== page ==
has spent three-and-a-half years trying to help people like them
during a recession he didn't start. Turns out many still won't vote
for him because he's still black.
Madiera is a really nice suburb, and
some residents plan to keep it that way by blocking developers from
building luxury condos so “renters” can't move in and “alter
the landscape of their charming suburb.”
Ohio State University has released a
plan to combat hate crimes in response to several incidents on its
campus this spring. The "No Place to Hate" plan includes 24
recommendations including a public safety division “hate crime
alert” line staffed by operators. The OSU campus reportedly had a
mural of President Obama defaced and found spray-painted messages
supporting the death of Trayvon Martin.
Good news from the AP's strangulation
beat: “States cracking down on strangulation attempts.”
Newsweek's May 21 cover shows
Barack Obama with a rainbow-colored halo over his head and the
headline, “The First Gay President.”
National media are talking about HBO's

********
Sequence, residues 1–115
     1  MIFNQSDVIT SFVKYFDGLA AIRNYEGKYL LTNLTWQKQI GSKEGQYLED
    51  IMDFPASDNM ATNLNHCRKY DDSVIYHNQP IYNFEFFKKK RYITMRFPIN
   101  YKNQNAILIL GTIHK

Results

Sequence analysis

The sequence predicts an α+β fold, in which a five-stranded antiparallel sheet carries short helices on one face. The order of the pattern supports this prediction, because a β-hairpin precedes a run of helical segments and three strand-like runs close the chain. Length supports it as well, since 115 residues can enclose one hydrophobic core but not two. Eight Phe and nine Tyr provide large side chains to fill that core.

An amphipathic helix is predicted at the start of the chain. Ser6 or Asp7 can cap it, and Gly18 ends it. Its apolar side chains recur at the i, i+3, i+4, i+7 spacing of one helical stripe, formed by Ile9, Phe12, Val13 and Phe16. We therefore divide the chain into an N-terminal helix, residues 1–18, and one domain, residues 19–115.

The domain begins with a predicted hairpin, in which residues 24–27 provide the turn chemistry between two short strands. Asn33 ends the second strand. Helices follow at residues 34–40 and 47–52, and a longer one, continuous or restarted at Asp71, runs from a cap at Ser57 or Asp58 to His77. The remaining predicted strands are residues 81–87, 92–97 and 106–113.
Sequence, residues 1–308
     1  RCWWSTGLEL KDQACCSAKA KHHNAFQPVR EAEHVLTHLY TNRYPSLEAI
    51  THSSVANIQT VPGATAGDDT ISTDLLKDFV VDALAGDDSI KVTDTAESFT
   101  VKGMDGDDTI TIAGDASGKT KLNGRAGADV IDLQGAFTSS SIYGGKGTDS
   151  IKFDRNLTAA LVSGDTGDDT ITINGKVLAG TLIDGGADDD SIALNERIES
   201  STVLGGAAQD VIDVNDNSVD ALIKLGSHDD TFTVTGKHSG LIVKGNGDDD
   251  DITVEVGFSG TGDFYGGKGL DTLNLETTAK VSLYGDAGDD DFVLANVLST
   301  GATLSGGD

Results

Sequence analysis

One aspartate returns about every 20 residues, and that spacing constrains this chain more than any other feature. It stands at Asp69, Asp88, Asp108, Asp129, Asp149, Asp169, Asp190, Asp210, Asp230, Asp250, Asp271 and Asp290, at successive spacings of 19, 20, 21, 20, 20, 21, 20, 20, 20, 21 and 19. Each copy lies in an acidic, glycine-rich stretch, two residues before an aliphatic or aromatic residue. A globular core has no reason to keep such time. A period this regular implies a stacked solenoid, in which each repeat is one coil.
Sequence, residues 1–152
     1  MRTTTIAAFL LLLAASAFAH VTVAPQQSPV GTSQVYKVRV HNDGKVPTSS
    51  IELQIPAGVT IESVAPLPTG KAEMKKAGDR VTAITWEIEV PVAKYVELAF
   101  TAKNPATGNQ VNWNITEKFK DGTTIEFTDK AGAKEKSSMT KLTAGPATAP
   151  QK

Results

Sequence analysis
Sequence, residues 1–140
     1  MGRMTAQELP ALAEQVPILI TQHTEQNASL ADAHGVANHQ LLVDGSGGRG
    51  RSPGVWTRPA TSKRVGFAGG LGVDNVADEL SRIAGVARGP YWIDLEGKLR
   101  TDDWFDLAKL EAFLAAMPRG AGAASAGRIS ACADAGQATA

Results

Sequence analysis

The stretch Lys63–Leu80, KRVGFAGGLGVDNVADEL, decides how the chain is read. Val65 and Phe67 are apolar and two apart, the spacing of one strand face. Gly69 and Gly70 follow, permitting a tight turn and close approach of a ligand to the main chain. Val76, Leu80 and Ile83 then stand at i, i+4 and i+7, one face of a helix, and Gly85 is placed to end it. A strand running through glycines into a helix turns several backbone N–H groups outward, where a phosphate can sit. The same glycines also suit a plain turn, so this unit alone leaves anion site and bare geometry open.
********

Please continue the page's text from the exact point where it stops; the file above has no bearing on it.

Weight of the Nation, a four-part documentary detailing America's
obesity epidemic. CityBeat's Jac Kern told y'all about it last
John Edwards' defense attorneys are
reportedly basing a lot of their case on the definition of the word
“The.” That should go well.
Joey Votto hit a two-out,
bottom-of-the-ninth grand slam to win yesterday's game for the Reds,
9-6 over the Washington Nationals. It was his third home run of the
satellite has taken an awesome 121-megapixel photo of Earth.
0 Comments · Wednesday, July 21, 2010
Have you ever been forced to use one of your poor friend's cell phones to make a call only to rub your index finger across the screen and have nothing happen because the phone has actual buttons? Flip-phone owners around the world today were repaid for such bothersome details in their lives, as news spread of the new iPhone's problem getting a signal if it's held a certain way. Ha ha!
Local filmmaker explores the challenges facing America’s first suburbs
1 Comment · Wednesday, November 4, 2009
It it perceived that talented and creative people leave our cities and others for bigger and supposedly better environs. But Cincinnati resident and award-winning documentary filmmaker Andrea Torrice claims our city as inspiration.
0 Comments · Wednesday, September 2, 2009
Dear Maija, I am seriously afraid of monsters. I hate scary movies, Halloween and freaky looking people. Well, the other day I went to my friend's house to watch reruns of 'Sex and the City,' and she turned on this crazy new show about vampires and, like, five minutes into it there was full-on sex!